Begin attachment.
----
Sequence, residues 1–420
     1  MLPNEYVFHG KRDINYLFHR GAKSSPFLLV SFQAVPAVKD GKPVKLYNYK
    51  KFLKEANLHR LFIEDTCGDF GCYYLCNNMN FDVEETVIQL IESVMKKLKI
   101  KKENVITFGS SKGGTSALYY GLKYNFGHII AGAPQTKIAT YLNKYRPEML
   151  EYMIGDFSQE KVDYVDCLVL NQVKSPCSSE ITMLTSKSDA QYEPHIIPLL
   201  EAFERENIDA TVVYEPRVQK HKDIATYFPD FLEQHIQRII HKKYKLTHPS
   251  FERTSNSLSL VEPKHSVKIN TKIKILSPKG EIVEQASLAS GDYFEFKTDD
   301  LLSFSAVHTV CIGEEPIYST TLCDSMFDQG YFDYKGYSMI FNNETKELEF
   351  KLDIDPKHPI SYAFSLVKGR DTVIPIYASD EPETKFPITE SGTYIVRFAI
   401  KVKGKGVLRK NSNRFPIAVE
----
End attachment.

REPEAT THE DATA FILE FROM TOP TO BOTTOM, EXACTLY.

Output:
Sequence, residues 1–420
     1  MLPNEYVFHG KRDINYLFHR GAKSSPFLLV SFQAVPAVKD GKPVKLYNYK
    51  KFLKEANLHR LFIEDTCGDF GCYYLCNNMN FDVEETVIQL IESVMKKLKI
   101  KKENVITFGS SKGGTSALYY GLKYNFGHII AGAPQTKIAT YLNKYRPEML
   151  EYMIGDFSQE KVDYVDCLVL NQVKSPCSSE ITMLTSKSDA QYEPHIIPLL
   201  EAFERENIDA TVVYEPRVQK HKDIATYFPD FLEQHIQRII HKKYKLTHPS
   251  FERTSNSLSL VEPKHSVKIN TKIKILSPKG EIVEQASLAS GDYFEFKTDD
   301  LLSFSAVHTV CIGEEPIYST TLCDSMFDQG YFDYKGYSMI FNNETKELEF
   351  KLDIDPKHPI SYAFSLVKGR DTVIPIYASD EPETKFPITE SGTYIVRFAI
   401  KVKGKGVLRK NSNRFPIAVE